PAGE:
Regulator ASIC has launched its final case coming out of the banking royal commission, closing the door on any more court action for banks that ripped billions of dollars from customers.
- ASIC says all 45 investigations were thoroughly investigated
- Twenty referred cases were “concluded with no further action”
- Legal experts predicted in 2019 that few cases would ever get to court
Almost half of the cases did not reach court.
When royal commissioner Kenneth Hayne’s final report came out nearly three years ago, it referred 13 cases to the Australian Securities and Investments Commission (ASIC) for investigation.
In addition, 32 case studies — tragic personal tales from the inquiry’s witness box — were examined to see if banks should face prosecution.
All up, that was 45 investigations. Only half got to court, with 20 “concluded with no further action”.
ASIC deputy chair Sarah Court said all 45 cases were thoroughly investigated — with examination of the evidence and notices compelling people to attend interviews — but some had insufficient evidence to launch a legal action in court.
“But I don’t think that means that bank customers or consumers should think, ‘that’s disappointing’, because a whole lot of those matters didn’t proceed,” she said, pointing to the difficulty of gathering information and the “evidentiary threshold” required to prove a matter.
Today’s final case encapsulates the decades-long systemic issues exposed by the Hayne inquiry in 2018.
The issues extend from the mid-1990s until three months ago, September 2021.
The benefits like fee waivers and interest rate discounts, affected 580,447 customer accounts and ANZ has had to repay nearly $200 million.
If the federal court agrees it is appropriate, ANZ will pay an additional $25 million penalty for the errors.
Predictions come true
Back in early 2019, when the royal commission’s final report was released, Helen Bird, senior lecturer in corporations law and corporate governance at Swinburne Law School, predicted that few of the referrals would ever get to court.
“There have been few, if any, real enforcement fights,” she said today, because banks and institutions like insurers have largely admitted they broke the law ahead of the proceedings.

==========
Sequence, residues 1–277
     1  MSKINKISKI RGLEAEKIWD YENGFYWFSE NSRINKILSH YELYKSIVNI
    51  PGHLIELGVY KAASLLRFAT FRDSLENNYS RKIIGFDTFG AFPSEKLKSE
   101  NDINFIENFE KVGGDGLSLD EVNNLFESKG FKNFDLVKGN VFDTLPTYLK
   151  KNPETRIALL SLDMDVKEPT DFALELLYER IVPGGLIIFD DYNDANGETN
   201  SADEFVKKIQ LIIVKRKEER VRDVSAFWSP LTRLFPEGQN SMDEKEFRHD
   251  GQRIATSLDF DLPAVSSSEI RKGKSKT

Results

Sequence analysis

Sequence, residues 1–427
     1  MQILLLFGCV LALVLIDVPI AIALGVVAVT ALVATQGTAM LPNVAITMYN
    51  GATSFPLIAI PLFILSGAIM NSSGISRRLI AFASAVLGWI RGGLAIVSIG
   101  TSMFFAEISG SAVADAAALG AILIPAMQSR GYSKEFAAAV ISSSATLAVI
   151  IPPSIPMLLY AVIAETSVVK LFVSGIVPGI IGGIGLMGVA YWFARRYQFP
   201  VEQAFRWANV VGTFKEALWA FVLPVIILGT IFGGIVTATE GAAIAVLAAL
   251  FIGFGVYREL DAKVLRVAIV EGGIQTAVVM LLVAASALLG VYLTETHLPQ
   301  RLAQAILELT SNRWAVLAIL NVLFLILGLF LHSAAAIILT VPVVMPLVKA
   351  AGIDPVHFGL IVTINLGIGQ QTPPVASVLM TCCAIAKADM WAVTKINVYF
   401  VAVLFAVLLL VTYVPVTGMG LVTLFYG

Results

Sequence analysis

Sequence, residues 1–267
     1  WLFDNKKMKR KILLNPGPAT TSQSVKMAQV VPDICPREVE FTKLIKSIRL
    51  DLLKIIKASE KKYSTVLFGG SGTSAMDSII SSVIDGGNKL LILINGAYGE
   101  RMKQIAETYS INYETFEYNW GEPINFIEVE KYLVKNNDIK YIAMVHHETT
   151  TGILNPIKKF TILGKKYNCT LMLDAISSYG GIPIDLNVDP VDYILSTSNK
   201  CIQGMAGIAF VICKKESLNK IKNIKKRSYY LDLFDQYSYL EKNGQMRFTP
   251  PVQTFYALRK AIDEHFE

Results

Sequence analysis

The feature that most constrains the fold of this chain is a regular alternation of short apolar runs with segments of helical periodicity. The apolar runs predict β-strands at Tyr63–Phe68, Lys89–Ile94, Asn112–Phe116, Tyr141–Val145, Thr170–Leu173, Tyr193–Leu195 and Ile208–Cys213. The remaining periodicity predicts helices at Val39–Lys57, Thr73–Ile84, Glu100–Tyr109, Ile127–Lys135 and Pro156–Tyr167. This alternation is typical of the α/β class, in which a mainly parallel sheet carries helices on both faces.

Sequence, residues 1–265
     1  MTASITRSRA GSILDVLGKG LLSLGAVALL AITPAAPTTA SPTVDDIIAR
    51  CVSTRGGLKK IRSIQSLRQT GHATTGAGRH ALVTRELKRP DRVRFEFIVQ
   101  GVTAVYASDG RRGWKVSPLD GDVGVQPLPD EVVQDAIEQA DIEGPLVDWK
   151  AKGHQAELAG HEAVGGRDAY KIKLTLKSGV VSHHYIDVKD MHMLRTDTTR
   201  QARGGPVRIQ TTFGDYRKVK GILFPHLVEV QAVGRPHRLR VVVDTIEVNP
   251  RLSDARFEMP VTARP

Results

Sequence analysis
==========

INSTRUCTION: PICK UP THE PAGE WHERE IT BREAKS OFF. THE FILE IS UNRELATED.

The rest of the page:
Of the 13 referrals, six were dealt with in civil cases and only two became criminal cases led by the Commonwealth Director of Public Prosecutions.
Five of those are completed and three are ongoing, with a combined total of civil penalties hitting $79 million.
Add in the 32 case studies and the percentages do not improve.
Twelve civil cases, four criminal (one criminal brief still being examined) and 15 ending with no action. So far penalties total $31 million.
More penalties may be ordered but at this stage institutions have been fined $110 million. To put this in context, last year Australia’s big four banks made $26.8 billion in profit.
For Ms Bird, the bigger issue is the type of case taken on.
“For all the systemic failures observed by Commissioner Hayne, not one enforcement case has been brought against the management or board of the big financial service companies,” she said, with most of the court actions taken against companies.
The only actions taken against individuals are against those associated with smaller firms, such as financial planning minnow Dover Financial.
While the action has not generally been in court, banks have demonstrated change through the way they have dealt with the regulator, Ms Bird explained.
“With their backs against the wall, financial institutions have capitulated and co-operated with ASIC,” Ms Bird said, pointing to agreed statements of fact and expediting the court process to give the regulator some easy wins.
“Make no mistake, these wins were because they involved effectively no contest proceedings and the only discussion point was the size of the penalty orders to be made.”
What this suggests is that institutions dragged through the banking royal commission are anxious to get past it, and have softened previously combative attitudes towards regulators so that all can move on.
“Their previous (before the royal commission) hubris seems to be a thing of the past, demonstrating that there is some measurable efficacy to public hearings, daily humiliations and media exposure,” Ms Bird added.
Ms Court was previously at another watchdog, the Australian Competition and Consumer Commission (ACCC) and has expressed her unhappy astonishment to senior banking executives she has met in her new role about systemic failures like “fees for no service” (FFNS) that have stolen billions of dollars from customers over a period of decades.
“I’ve had pretty direct conversations about the fact that I find this staggering,” she told ABC News.
“I don’t think there’s any lack of attention to these issues at senior levels, is my sense. But I think we, the regulator, we need to keep calling this out, we need to keep taking these institutions to court, we need higher and higher penalties.
“I think the royal commission was obviously an extremely sobering period for the industry.
“Their attention to these issues, in my personal observation, is that I’m certainly seeing recognition at senior levels that these are significant issues.”
Some cases remain ongoing before the courts.